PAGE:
PREVIEW: Voice News Travels to DC to Inquire on Student Loan Rates Bill

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Legislation Deadline Looms, Voice In-Depth Report Coming Soon

By Bronson Peshlakai
Metro Campus Editor-in-Chief

Voice News Metro Campus Editor-in-Chief records a stand-up in front of the White House for a story about the importance of community colleges. Photo by Jim Booth
Voice News Metro Campus Editor-in-Chief Bronson Peshlakai records a stand-up in front of the White House June 4 for a story about Obama stressing the importance of the nation’s community colleges.
Photo by Jim Booth
WASHINGTON — Voice News travels to the District of Columbia for unprecedented coverage of policy decisions that will affect Cuyahoga Community College and its students.

From the hallowed halls of the U.S. Capitol, the offices of Northeast Ohio’s congressional representatives and national organizations important to Tri-C’s success, Voice News Metro Campus Editor-in-Chief Bronson Peshlakai reports from Our Nation’s Capitol on stories important to students, faculty, staff and administration at Tri-C.

The main topic on the minds of lawmakers and students alike while in Washington, and into the coming weeks, is legislation that could keep the interest rate on student loans the same, or have it doubled.

The Republican-controlled U.S. House passed a version of the bill earlier that does not keep the Federal Stafford Loan interest rates capped at its current 3.4 percent – some Democrats voted against passage of this bill and President Obama has threatened to veto the bill – now the Senate has to consider the House version.

But, before that happens, Senate Republicans and Democrats each have their own versions of the student interest rate bill to debate.

Congress has until July 1 to decide which bill to pass for Obama’s consideration – and he’s made it clear he intends to keep student rates capped at its current rate.

In a Special Report on this issue, The Voice has visited the offices of U.S. Reps. Marcy Kaptur (D) and Marcia Fudge (D), and U.S. Sens. Sherrod Brown (D) and Rob Portman (R) to ask the questions behind the scenes of a political showdown on The Hill.

The Voice will provide continuing coverage on this issue as news breaks, but the first of the series on the student loan interest rate bill will publish online soon.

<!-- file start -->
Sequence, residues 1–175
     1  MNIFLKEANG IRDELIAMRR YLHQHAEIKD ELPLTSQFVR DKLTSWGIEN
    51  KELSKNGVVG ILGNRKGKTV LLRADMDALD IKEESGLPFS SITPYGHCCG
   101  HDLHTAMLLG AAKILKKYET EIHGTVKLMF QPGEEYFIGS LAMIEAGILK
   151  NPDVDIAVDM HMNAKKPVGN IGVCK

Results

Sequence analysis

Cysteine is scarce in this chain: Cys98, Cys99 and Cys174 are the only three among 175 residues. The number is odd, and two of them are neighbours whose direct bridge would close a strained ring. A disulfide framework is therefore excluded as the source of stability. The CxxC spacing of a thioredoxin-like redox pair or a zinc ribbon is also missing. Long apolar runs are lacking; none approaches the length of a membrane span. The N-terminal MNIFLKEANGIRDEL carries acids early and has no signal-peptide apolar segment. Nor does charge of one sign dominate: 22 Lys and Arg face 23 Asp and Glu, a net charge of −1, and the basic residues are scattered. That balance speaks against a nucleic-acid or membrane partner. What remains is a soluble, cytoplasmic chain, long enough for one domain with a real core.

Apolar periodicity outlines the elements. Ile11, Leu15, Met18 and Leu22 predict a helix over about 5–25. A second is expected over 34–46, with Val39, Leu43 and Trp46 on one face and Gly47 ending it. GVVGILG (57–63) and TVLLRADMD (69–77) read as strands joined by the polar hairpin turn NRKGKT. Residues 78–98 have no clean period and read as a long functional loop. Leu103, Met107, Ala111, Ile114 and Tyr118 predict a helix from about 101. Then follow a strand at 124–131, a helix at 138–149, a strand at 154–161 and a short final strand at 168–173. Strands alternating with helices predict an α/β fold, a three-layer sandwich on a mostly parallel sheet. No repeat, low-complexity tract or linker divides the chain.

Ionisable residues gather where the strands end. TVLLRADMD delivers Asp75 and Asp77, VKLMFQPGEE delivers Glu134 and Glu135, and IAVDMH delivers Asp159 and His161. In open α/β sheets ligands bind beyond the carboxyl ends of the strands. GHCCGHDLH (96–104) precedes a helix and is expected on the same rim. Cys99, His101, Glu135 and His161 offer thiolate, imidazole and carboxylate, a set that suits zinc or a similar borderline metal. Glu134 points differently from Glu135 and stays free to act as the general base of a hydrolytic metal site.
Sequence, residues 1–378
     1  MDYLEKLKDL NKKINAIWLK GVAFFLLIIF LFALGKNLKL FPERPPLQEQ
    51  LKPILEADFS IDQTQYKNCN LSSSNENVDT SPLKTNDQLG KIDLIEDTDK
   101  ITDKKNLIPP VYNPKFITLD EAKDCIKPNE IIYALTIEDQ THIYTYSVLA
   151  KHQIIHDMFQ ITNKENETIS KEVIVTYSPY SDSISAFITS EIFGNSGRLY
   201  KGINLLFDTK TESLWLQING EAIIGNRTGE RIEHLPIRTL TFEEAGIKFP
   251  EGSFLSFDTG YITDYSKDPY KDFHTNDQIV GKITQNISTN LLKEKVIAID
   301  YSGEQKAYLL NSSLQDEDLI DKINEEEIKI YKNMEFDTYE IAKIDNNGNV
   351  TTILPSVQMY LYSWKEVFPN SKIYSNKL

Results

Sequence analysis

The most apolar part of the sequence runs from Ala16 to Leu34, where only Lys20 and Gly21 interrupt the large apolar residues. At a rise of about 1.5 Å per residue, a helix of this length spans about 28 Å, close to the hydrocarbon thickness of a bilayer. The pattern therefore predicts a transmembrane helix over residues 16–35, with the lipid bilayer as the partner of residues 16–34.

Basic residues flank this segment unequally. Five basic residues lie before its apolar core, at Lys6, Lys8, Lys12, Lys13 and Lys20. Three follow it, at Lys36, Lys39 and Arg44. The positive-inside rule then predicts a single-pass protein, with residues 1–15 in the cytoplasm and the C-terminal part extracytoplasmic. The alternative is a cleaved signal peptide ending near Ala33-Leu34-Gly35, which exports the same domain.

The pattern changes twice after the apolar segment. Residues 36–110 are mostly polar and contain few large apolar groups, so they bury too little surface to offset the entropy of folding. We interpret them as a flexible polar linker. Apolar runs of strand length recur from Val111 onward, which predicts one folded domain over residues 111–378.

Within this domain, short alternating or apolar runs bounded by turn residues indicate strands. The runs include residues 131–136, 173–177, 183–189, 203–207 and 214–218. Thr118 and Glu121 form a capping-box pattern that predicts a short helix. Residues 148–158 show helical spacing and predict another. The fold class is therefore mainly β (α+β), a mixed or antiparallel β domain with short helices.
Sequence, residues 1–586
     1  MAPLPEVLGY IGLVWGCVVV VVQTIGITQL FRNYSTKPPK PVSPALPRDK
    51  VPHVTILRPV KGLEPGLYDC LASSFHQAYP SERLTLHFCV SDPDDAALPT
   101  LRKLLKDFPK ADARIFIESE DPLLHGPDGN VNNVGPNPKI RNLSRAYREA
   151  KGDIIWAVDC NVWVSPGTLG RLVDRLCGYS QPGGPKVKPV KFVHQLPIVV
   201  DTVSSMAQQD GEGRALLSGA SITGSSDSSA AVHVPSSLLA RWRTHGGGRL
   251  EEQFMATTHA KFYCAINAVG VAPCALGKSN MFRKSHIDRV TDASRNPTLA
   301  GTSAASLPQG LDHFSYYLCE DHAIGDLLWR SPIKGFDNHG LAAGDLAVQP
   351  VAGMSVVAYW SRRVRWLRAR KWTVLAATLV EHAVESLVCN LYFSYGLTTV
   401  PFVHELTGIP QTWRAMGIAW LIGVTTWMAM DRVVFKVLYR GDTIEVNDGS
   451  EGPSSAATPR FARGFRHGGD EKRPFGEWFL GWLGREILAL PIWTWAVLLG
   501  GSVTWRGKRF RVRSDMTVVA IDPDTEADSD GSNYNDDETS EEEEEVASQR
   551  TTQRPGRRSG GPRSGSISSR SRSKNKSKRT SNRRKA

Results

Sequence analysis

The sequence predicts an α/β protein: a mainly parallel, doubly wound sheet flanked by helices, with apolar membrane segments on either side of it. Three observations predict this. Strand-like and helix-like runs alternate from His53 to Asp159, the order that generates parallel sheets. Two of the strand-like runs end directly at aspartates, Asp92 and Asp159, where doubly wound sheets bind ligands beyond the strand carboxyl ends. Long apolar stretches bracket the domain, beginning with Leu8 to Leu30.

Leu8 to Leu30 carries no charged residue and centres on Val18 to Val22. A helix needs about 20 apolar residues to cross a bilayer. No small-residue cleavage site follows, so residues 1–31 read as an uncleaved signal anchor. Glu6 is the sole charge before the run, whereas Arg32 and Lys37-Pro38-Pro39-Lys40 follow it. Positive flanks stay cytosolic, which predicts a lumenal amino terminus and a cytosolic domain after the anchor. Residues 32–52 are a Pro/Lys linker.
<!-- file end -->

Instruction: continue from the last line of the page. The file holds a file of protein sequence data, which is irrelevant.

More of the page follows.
While in Washington, The Voice also interviewed multiple sources on different enterprising stories and will publish them online soon:

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Student Loan Interest Rates May Double, Congress Debating

With the deadline quickly approaching, Senate Republicans and Democrats have dueling legislations that will decide whether or not student loan interest rates will remain the same or double. The Voice interviews U.S. Rep. Marcy Kaptur and the spokesman for a group that lobbied lawmakers on student loans.


Communicating with your Elected Officials

With legislation being debated and decided by the people you elected into Congress, as well as the president, it’s important to realize your voice still counts after the election. The Voice interviewed lawmakers and their staff, as well as other high-level directors of national organizations who all say good-ole letter writing, or emailing, to your elected officials carry a lot of weight.


A Longtime Ohio U.S. Representative is a New Face to the Cleveland Area After Redistricting; an Introduction to Marcy Kaptur

U.S. Rep. Marcy Kaptur (D) is the longest-serving member of Ohio’s 16 representatives in The House. However, since Jan. 3, she is a new face to many in West Cuyahoga County. Due to a reduction of population in the state, redistricting lines merged Kaptur’s Toledo district with much of Dennis Kucinich’s districts after he lost the congressional race. Who is Marcy Kaptur?


Obama Seeks More Graduates and Funding for Two-Year Colleges, Congress Slow to Take Action

A report from a DC think tank says community colleges have been receiving a lot more attention with Obama’s goal to bring America to a No. 1 rank in college graduations. But, the report says the change is all rhetoric because Congress disproportionately funds universities instead of the community colleges. Why?


Tri-C Draws Praise from National Organizations, Lawmakers

Tri-C has nation-wide recognition as an institution of excellence. The leading organization that helps steer the future of community colleges in the nation is the American Association of Community Colleges. Headquartered in Washington, this organization has Tri-C presidents Jerry Sue Thornton, Patricia Rowell and president-elect Alex Johnson serving in official capacity with the AACC.


Voice Recommendations on How to Survive a Trip to The District

Washington D.C. can be a town that can eat you alive if you never been here. With tons of police presence, snarled traffic, sardine-packed subway rides, an endless selection of sights to see with lines snaking in circles at those places, expensive hotels, no places to park… you get the point. I’ve got the answers, in this story. 🙂


PHOTO GALLERY: Newseum, Scenes from Our Nation’s Capital

In some cases pictures can be more beautiful than words. In my three-day trip to Washington, I snapped lots of pictures, including some at many of the exhibits at The Newseum, a collection of artifacts, history and interactive adventures in journalism. This photo gallery will likely inspire you to book your next vacation to Our Nation’s Capital.

The Voice is committed to bringing comprehensive coverage on issues surrounding the Tri-C community. Check back often throughout the summer here at CCCVOICE.COM.

Photo Credit: All thumbnail photos by Bronson Peshlakai. He can be reached at (440) 941-1794, or at

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